Alternative fabrics – organic cotton, silk, hemp, linen, wool (check labels/sources), cashmere, tencel, recycled materials (i.e. recycled polyester – does not solve the problem of shedding microplastics but recycled material is much more sustainable than new polyester).
Does this mean I am going to get rid of everything in my closet that are not these materials and buy a whole new wardrobe? No, of course not! No need to get rid of what you already have! However, the future purchases you make can be more conscious!
When buying a product, think of its whole lifecycle. Where did it come from, and how was it made? Who made it? What is is made from? How long will it last, and what will I use it for? When I get rid of it, where will it go? Goodwill? Landfill? How will it eventually break down? Can it be repurposed later? Try to select products that will last a long time. The less often you buy new things, the less waste you will create.
Shopping ethically and sustainably can be a bit of a change to your lifestyle. First of all, it can be more expensive. A key component of fast fashion is low cost – meaning we are used to buying clothing at a cheap price. However, slow fashion is about quality. Buying one thing you really love and is ethically made may be more expensive, but in the long run it is cheaper. You don’t have to buy multiples of that thing over the years, and the earth thanks you for that.
However, I do understand being in a position where spending more on clothing is not feasible. Living paycheck to paycheck, paying for graduate school, supporting family, pets, and rent are realities that most of us have to put first. Shopping ethically for your clothing might be on the very bottom of your priority list. In this instance, there are some ways that you can shop more ethically without breaking the bank.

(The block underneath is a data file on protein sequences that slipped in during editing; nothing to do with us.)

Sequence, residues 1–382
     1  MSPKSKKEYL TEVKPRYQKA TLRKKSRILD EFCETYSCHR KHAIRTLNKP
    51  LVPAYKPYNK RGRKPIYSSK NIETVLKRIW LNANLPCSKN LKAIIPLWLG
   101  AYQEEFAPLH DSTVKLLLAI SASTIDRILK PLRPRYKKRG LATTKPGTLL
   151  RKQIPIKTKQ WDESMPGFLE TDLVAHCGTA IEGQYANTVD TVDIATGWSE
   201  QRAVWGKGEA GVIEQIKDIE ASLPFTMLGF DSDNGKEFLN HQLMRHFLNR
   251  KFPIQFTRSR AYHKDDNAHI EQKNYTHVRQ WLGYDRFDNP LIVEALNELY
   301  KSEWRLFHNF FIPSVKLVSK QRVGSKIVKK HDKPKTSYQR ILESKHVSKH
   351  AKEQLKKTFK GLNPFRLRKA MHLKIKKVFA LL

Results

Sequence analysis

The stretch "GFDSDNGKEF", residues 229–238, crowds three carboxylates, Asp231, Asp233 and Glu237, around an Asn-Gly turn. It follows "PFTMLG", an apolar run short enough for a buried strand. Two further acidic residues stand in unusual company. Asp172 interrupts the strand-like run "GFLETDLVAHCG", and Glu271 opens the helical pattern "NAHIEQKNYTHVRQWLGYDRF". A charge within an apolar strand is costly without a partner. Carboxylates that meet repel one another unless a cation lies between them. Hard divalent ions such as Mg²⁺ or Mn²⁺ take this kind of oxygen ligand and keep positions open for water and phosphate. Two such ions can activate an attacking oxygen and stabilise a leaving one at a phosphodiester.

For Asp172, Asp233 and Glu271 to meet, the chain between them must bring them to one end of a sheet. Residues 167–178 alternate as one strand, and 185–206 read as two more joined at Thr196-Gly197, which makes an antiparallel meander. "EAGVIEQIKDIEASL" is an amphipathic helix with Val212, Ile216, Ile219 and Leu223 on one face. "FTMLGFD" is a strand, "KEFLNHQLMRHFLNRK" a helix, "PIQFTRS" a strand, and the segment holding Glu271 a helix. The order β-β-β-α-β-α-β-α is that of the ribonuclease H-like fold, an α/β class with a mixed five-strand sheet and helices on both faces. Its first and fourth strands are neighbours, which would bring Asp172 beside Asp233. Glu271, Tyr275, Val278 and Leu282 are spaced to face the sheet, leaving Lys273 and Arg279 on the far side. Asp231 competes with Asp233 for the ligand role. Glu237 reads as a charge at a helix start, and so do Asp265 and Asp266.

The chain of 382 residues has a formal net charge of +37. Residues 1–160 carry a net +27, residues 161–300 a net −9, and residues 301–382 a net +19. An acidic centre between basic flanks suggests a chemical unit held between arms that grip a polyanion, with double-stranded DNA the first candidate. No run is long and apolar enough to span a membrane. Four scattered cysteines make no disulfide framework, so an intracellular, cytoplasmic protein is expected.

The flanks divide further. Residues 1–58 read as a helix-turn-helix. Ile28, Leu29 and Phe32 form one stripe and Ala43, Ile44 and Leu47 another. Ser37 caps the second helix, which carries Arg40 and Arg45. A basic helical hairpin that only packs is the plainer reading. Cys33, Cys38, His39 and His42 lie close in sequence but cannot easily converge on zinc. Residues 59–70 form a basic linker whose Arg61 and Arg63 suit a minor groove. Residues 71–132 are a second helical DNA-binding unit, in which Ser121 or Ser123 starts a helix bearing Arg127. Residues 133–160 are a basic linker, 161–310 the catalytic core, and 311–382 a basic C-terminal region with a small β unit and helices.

Steep and Cheap is a great website for high quality clothing overstock. Alternative Apparel is another great option for ethically made clothing basics that don’t break the bank. Some other brands that are reputable and versatile are: Patagonia ($$-$$$), Prana ($$), and Pact ($-$$).
A great way to easily access ratings for clothing companies is via the app Good on You. It has ratings for three different sectors of sustainability, labor, and animal welfare. It has thousands of companies listed, along with many informative articles about the sustainability of the fashion industry. Its as simple as downloading it onto your phone, and when making a new purchase, just type in the brand and find its rating!
Buy and Sell Used Clothes
First of all, the original method of sustainable clothing – thrifting! I will be the first to admit I hate thrifting and have never been good at it! However, with a little patience, you can find great things in thrift stores! Consignment stores are also great, as they are stores where people have sold high-quality clothing. Keeping your eye out for sales is also a great way to find high quality stuff.
Another way to reduce your impact is to rent clothing instead of buying it. If you’re only interested in wearing the item a few times, this can be a good alternative to letting it collect dust in your closet.
Donate Used Clothes
Used clothing can also be donated to charities like Goodwill, Salvation Army, or a homeless shelter. You can send used clothes to Matthew:25 Ministries for distribution to disaster areas around the world.
If you have a gently used bra that no longer fits or isn’t your style, give it to the Bra Recyclers who will donate it to a woman in need. To recycle used footwear, regardless of the condition, you can send it to TerraCycle’s Shoes and Footwear Program.
Upcycle Old Textiles
With a little crafting and ingenuity, old sheets can be turned into shopping bags and old clothing can morph into new clothing. Check out these creative upcycling ideas on Pinterest!
Recycle Old Textiles
Many cities have curbside municipal textile recycling programs for clothes beyond saving. For example, here is a link to San Francisco’s textile recycling program.
Happy shopping everyone, enjoy building an eco-friendly, ethical wardrobe! For more eco-friendly shopping inspiration, check out our Clothing board on Pinterest!
Disclaimer: We receive no financial compensation for any of the products recommended or shared anywhere in this blog.